by Harris Goodman
It’s always darkest before dawn, except when you are with ultrarunners. It was late in the evening of May 31, somewhere high up on a coastal mountain ridge, where I came upon another ultrarunner around mile 53 of the first annual Santa Barbara 100. It had been a tough first half, tougher than everyone had anticipated, and it had become dark earlier in the course than we predicted. That runner was April Thorp, second place woman, struggling with a failing light. I had my emergency flashlight, and we worked our way together down the ridgeline, running when we could. However, the Santa Barbara 100 has some short but very steep, rocky, and in the dark, treacherous pitches, which required me to go ahead and then wait at the bottom to light the way for April. She felt terribly guilty slowing me down so much, but I appreciated the slower pace and believed she would have done the same for me. We carried on, gazing upon the exquisitely thin crescent moon, glowing blood red as it set in the west over the ocean far below, mocking us with its hope of normally bright moonlight that was not to be.
Finally arriving at an aid station where I had stashed my usual blinding headlamp and a spare, I offered the spare to her as she fought off tears of despair. We set off into the night in remarkably raised spirits, as the next section was downhill, fast and relatively smooth. However, our new hope was seriously challenged, as we later steeply climbed out of Montecito and came upon a runner we were fairly sure was hallucinating. He said someone was shooting runners and the police were all over the place. It did not make sense, as the canyon was quiet; no gunshots, no waling sirens, and no flashing lights below, save for the offshore oilrigs glowing like a fleet of spaceships hovering over the deep black ocean. Needless to say, we were glad to have each other as company, barely knowing each other but now good friends.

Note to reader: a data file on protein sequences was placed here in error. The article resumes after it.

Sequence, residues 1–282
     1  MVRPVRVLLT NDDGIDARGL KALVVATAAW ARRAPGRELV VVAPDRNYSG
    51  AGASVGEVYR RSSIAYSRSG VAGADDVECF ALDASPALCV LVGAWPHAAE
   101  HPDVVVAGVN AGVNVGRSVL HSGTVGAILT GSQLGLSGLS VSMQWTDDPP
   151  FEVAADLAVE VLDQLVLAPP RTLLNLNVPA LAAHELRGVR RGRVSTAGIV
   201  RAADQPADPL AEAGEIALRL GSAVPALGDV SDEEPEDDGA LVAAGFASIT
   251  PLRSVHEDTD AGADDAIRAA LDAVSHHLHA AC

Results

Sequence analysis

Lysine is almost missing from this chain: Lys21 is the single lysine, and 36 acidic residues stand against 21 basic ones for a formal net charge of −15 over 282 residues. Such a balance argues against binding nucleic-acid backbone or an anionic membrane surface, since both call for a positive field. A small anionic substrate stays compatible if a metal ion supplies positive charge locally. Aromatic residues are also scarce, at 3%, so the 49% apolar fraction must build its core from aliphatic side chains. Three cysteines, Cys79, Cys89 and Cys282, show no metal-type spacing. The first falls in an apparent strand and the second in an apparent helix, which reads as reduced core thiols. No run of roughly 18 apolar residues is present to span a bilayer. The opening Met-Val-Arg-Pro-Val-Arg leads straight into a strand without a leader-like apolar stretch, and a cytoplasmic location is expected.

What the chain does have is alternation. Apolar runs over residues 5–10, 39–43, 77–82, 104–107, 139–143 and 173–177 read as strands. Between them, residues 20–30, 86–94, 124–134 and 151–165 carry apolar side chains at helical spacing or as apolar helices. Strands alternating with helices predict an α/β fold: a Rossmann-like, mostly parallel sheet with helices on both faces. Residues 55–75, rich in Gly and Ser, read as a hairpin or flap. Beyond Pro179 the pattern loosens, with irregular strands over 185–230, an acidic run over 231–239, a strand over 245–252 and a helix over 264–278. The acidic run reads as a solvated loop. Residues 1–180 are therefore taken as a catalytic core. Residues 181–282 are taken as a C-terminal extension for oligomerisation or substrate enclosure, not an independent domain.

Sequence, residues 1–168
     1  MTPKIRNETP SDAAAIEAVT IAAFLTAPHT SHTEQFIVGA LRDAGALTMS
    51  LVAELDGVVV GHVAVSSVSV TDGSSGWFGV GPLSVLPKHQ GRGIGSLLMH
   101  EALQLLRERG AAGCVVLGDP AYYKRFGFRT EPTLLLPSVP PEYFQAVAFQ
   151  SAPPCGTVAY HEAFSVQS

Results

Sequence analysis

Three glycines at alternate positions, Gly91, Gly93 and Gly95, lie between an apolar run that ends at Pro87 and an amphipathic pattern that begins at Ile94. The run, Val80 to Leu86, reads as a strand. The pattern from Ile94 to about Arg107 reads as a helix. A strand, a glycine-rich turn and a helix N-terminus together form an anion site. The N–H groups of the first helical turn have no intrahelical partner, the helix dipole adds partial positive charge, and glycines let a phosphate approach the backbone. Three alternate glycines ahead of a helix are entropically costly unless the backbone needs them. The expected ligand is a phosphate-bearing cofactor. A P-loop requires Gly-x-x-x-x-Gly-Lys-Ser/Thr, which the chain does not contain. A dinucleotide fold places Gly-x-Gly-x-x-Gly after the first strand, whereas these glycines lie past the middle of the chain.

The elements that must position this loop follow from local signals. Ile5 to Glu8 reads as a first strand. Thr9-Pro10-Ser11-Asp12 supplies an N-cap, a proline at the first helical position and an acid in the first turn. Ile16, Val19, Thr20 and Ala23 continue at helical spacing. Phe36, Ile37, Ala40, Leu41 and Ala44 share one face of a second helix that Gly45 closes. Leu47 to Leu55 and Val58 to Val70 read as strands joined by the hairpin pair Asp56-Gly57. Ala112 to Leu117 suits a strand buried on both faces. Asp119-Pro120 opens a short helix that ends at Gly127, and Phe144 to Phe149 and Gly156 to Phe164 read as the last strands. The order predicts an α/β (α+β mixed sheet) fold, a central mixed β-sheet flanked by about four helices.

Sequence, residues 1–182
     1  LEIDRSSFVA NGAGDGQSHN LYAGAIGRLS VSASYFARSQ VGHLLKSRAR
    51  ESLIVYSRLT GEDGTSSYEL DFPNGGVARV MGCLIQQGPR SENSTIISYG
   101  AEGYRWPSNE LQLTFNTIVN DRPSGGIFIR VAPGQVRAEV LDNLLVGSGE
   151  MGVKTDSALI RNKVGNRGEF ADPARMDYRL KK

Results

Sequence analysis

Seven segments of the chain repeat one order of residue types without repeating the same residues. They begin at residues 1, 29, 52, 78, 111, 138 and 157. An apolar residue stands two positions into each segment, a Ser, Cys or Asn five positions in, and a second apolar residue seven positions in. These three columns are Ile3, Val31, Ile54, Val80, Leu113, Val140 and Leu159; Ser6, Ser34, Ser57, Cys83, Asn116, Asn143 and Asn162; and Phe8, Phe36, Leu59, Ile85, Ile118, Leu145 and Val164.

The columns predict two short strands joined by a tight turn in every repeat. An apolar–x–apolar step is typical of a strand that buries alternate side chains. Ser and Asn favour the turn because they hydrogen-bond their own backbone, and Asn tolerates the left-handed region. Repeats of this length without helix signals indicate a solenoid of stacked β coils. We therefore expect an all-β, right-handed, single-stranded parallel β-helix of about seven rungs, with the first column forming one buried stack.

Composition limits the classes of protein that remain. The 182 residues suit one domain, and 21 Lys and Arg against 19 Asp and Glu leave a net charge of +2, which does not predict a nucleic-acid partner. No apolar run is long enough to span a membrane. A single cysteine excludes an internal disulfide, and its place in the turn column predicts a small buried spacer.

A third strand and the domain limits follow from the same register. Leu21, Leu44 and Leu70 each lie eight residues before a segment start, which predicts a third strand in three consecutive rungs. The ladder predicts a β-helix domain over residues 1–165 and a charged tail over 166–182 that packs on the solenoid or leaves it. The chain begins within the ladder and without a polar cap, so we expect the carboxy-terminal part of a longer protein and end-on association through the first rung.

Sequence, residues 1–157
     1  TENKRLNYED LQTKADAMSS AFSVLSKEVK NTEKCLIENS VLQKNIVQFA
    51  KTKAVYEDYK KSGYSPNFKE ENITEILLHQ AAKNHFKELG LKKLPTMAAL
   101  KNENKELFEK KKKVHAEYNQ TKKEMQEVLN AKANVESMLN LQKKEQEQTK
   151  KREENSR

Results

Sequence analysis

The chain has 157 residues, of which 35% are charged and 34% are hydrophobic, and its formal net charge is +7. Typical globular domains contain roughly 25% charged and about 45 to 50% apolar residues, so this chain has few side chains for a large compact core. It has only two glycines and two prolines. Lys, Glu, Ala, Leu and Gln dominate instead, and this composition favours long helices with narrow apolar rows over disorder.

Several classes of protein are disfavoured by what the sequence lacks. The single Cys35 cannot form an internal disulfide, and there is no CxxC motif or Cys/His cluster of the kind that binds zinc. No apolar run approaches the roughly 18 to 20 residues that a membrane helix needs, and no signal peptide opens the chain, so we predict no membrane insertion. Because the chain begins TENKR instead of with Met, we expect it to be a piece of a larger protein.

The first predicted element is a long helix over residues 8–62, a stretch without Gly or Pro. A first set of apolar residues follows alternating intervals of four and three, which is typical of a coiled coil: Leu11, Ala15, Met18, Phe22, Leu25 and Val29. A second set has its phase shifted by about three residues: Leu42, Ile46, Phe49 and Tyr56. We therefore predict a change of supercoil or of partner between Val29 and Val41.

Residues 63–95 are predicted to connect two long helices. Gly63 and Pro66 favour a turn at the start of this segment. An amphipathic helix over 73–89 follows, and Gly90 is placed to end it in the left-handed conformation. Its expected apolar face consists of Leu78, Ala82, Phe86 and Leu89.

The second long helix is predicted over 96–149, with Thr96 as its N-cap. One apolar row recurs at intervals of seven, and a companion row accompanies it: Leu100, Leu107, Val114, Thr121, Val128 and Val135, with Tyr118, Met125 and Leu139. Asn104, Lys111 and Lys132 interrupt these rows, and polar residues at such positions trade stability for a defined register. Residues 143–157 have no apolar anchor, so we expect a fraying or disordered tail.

Upon arrival at Cold Springs Aid Station, once again high up on the ridge around mile 71, I fell upon hard times, shivering, toenails falling off and just plain ready to drop out. April, Aaron Kohr (another runner), and the wonderful folks at the aid station enthusiastically encouraged me to go on. Aaron, knowing me well, told me to turn around in my chair, as he knew the sight of dawn would mean hope and better times for me (despite knowing it would mean worse times for him; the ruthless sun took its toll on Aaron, causing him to drop at mile 91). The three of us took off into the longest unaided but most beautiful section of the race within the Las Padres National Forest, towards the finish.
April finished second, and I finished in the highest place I have every finished a hundred miler: 17th place, which also happened to be second to last. The finishing rate for the first Santa Barbara 100 mile was 46% and 38% for the 100k. Without these two selfless and extraordinary ultrarunner friends, I would not have been able to finish, as they both brightly lit the way for me.